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The challenges of drinking water supply in WA

About this lesson

Students identify the challenges of supplying quality drinking water in WA and then in groups present their findings.

Year level: 10

Theme: Water supply

Learning objectives

Students can:
  • identify the challenges that affect the sustainability of supplying drinking quality, including human induced pollution
  • identify ways of protecting and managing catchments to protect water at source
  • work in a group to present findings.

Curriculum links


  • The human-induced environmental changes that challenge sustainability ACHGK070
  • Collect, select, record and organise relevant data and geographical information, using ethical protocols, from a range of appropriate primary and secondary sources ACHGS073
  • Present findings, arguments and explanations in a range of appropriate communication forms selected for their effectiveness and to suit audience and purpose, using relevant geographical terminology and digital technologies as appropriate ACHGS079

Things you will need

Lesson description


  • Discuss: where does our water come from?
  • Students to watch the video Catchments to tap (9:06) and then answer the below questions:
    • What is surface water? (Water collecting on the ground or in a stream, river, lake, wetland, dam, or ocean)
    • What is groundwater? (Water located beneath the ground surface in soil
      pore spaces and in the fractures of rock formations)
    • What is an aquifer? (An underground layer of rock or sand that can absorb and hold water)
    • What is a water catchment area? (An area of land where surface water from precipitation converges to a single point and joins a water body or seeps into the groundwater)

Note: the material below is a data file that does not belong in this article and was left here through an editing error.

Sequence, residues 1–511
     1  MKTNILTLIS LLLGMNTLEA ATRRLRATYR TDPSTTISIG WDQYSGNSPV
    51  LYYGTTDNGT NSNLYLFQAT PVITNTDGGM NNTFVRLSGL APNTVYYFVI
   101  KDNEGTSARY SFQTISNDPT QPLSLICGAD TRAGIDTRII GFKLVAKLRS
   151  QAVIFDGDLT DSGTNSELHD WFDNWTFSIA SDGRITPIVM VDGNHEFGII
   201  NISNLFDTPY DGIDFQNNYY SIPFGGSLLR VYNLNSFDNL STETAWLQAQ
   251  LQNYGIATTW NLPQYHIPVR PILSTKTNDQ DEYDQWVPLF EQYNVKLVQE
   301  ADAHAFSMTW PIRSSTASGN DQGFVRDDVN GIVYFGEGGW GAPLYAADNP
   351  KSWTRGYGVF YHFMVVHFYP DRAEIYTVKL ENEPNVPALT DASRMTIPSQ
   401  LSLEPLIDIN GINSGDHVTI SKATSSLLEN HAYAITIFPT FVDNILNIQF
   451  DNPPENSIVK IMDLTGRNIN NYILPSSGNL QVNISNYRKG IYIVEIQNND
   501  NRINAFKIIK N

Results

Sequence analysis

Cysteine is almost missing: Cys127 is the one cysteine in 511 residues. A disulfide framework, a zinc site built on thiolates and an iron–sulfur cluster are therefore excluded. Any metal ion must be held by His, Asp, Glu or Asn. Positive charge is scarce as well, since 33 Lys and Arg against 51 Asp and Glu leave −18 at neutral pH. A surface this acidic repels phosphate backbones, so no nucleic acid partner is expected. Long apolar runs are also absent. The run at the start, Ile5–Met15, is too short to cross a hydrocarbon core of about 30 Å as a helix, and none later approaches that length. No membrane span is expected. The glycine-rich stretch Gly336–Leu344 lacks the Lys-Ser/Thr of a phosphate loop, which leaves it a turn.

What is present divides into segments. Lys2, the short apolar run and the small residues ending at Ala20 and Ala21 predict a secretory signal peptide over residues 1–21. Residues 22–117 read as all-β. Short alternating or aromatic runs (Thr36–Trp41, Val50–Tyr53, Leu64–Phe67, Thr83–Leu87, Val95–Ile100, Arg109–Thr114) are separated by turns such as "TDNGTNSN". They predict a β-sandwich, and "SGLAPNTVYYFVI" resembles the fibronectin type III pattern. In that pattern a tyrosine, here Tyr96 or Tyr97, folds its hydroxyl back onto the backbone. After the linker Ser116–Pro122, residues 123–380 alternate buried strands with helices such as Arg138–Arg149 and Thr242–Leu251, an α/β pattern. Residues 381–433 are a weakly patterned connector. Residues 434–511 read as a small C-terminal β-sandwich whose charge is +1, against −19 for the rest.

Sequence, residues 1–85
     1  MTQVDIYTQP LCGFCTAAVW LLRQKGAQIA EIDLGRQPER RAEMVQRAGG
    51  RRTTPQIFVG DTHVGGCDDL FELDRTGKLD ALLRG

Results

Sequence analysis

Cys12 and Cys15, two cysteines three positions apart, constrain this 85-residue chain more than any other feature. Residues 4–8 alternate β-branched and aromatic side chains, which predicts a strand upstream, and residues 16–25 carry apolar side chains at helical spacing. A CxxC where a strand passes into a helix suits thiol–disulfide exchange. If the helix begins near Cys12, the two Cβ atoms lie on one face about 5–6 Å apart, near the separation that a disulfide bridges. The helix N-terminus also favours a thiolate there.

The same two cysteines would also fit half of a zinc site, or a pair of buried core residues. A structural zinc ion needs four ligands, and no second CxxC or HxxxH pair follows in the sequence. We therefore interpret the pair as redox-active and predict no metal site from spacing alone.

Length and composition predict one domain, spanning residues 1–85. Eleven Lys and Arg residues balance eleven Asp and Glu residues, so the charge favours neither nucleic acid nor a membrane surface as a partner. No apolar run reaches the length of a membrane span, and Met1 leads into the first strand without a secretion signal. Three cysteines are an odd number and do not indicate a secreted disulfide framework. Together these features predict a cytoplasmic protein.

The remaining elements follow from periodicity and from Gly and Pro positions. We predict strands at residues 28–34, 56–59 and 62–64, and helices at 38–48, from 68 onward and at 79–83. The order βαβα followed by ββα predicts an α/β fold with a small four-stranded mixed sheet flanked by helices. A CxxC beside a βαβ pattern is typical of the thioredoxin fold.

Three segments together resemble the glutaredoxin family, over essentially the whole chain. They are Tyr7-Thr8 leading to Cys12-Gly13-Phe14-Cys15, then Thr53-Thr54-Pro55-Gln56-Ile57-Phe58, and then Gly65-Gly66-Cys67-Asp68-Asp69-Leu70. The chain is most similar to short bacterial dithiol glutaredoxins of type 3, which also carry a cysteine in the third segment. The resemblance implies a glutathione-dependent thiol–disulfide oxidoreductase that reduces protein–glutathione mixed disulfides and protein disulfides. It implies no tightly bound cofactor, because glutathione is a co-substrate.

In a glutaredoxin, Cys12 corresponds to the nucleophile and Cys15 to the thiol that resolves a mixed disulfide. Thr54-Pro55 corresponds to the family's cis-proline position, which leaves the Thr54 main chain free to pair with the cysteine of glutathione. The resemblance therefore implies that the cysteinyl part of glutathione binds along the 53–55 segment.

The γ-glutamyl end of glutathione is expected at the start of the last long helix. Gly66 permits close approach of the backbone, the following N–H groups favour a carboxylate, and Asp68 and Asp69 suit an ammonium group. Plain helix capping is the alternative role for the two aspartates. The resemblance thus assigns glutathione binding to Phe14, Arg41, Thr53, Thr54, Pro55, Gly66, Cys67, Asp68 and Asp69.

• Name three sources of drinking water? (Surface water, groundwater and desalinated water)
    • What is the greatest risk to drinking water? (Pathogens from pollution)
    • What can you do to help look after catchments? Answers:
      • Keep an eye out for pollution
      • Report things dumped in a catchment area
      • Always follow signs and rules in a drinking water catchment
      • Be a catchment friend.


  • Discuss as a class: Isn’t it great that we can drink our water straight from the tap? Do you think we take our safe water for granted? Explain to students that the protection and management of drinking water catchments is the most important barrier to contamination of drinking water, as it ensures the highest quality raw water is used for drinking water. (See Source protection fact sheet).
  • Break students up into groups. Groups are to prepare a presentation for the class as follows:
    • Group 1 – reports on how people contaminate water in WA. (e.g. contamination by manure from farm animals, impacted by mining or industry, pollution from runoff, nutrients from domestic sources, illegal dumping in catchments, contamination by people, contamination of the catchment etc.) Search ‘contamination’ at
    • Group 2 – reports on how water is treated to ensure it meets drinking quality standards (e.g. disinfection, ultra-filtration). Search ‘drinking water quality’ at or at Australian Drinking Water Guidelines (ADWG).
    • Remaining groups select, or are nominated, a regional water supply scheme to investigate (see the WA's major water supply scheme fact sheet). Groups are to report on local issues for the region’s water source, and explain why it is important to protect drinking water at source and how this is undertaken. Search ‘source protection’ at